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Sexualized Violence and Transformative Justice

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An introduction to transformative justice as an alternative response to sexualized violence and intimate partner violence

About this Event

In this workshop, participants will learn about the basics of transformative justice as a model for ending and responding to sexual violence, intimate partner violence, and other harms in society, and understand why many activists believe it is an essential shift from the current approach of criminalization, police and prisons.

This event is presented by the Simon Fraser Public Interest Research Group (SFPIRG) and the SFU Sexual Violence Support & Prevention Office (SVSPO).

SFU and UBC students, faculty, and staff are invited to this event.

ASL interpretation is offered for this event. You will be asked to indicate if you require this service when you order your free ticket. If no requests for ASL interpretation are received by 12pm January 21, this service will be cancelled.

Jan 21 Update: The deadline for requesting ASL interpretation has passed. Unfortunately, ASL interpretation will not be available for this event.

Registrants will be emailed the Zoom link 24 hours before the start of the event.

Facilitator Bios:

Amber Goulet (she/her/hers) is a queer Cree woman from Amiskwacîwâskahikan (Edmonton, Alberta) in Treaty 6 territory and currently a fourth year UBC undergraduate completing her Bachelor of Arts, double majoring in First Nations & Indigenous Studies and Gender, Race, Sexuality and Social Justice. As part of the First Nations & Indigenous Studies program in 2019/2020, Amber partnered with WAVAW to engage and design a community research project, examining the strengths and weaknesses of moving beyond state approaches to sexualized violence within Indigenous communities. Her interests include conversations about decolonizing feminism, gender, sexuality, violence, and curating alternative ways of unpacking intergenerational trauma. After Amber completes her degree at UBC, she hopes to move onto a master’s degree program with a focus in art and community engagement.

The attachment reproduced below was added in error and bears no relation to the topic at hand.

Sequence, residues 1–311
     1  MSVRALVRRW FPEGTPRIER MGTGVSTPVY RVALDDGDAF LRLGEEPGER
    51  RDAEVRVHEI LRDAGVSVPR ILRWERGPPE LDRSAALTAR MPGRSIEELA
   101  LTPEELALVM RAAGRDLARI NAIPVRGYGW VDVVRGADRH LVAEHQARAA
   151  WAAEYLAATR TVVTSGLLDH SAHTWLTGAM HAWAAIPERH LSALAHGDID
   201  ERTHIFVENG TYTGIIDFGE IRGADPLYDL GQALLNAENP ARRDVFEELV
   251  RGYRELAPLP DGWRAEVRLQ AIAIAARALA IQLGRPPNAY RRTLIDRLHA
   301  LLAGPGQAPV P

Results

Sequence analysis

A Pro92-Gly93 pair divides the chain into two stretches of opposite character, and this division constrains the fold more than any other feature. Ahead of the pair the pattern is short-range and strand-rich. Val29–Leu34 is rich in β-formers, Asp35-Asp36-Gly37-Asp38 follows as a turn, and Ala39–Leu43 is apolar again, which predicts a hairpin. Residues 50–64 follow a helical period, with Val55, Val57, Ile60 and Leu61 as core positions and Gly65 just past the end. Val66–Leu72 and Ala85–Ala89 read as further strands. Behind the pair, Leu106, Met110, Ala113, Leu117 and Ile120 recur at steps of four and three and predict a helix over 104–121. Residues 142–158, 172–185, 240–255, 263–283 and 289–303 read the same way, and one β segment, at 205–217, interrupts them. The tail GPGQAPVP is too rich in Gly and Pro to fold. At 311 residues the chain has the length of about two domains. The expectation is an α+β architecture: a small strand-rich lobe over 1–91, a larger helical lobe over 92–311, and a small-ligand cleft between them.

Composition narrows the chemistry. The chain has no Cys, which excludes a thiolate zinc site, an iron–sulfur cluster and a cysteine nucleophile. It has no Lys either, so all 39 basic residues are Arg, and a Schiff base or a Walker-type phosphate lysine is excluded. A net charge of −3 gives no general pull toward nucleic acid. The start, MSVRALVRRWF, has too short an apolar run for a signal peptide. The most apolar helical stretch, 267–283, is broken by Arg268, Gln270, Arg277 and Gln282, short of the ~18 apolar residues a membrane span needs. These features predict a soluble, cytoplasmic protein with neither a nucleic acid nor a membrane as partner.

Meenakshi Mannoe, PIVOT Legal, Criminalization and Policing Campaigner, Prison Justice Day Organizer: Meenakshi works alongside her interdisciplinary colleagues to envision intersectional approaches to policing and criminalization. Meenakshi is the child of first-generation immigrants from India and Suriname, born on Anishinaabe & Haudenosaunee territory, and today lives on unceded territory of the xʷməθkʷəy̓əm (Musqueam), Skwxwú7mesh (Squamish), and səl̓ílwətaʔɬ (Tsleil-Waututh) peoples. She values Pivot’s uncompromising commitment to the expertise and vision of people with lived and living experience. Her work emphasizes the impact of policing on all aspects of Pivot’s work, with particular attention to public legal education materials, policy analysis and community engagement..

Kalamity Hildebrandt, SFPIRG Director of Research and Education

Kalamity has been working in the community on a range of social justice issues, including anti-violence organizing, since the early 90's. They (Kalamity's pronouns are they/them/their) have long been convinced that the colonial state and its police and prison systems, cannot, and were never intended to, prevent violence - quite the opposite in fact - and that it is vital that we find ways to respond to harm in our communities that do not themselves cause further harm. Kalamity is socially and politically located somewhere in all of this: fat-queer-whitesettlerwithcitizenship-femme-genderqueer-disabled-hearing-psychiatrized-anti-carceral-abusesurvivor-poverty/workingclass-early50’s(!)-intersectional-anti-colonial-anti-capitalist-pro-healing/transformative-justice-anarchist.

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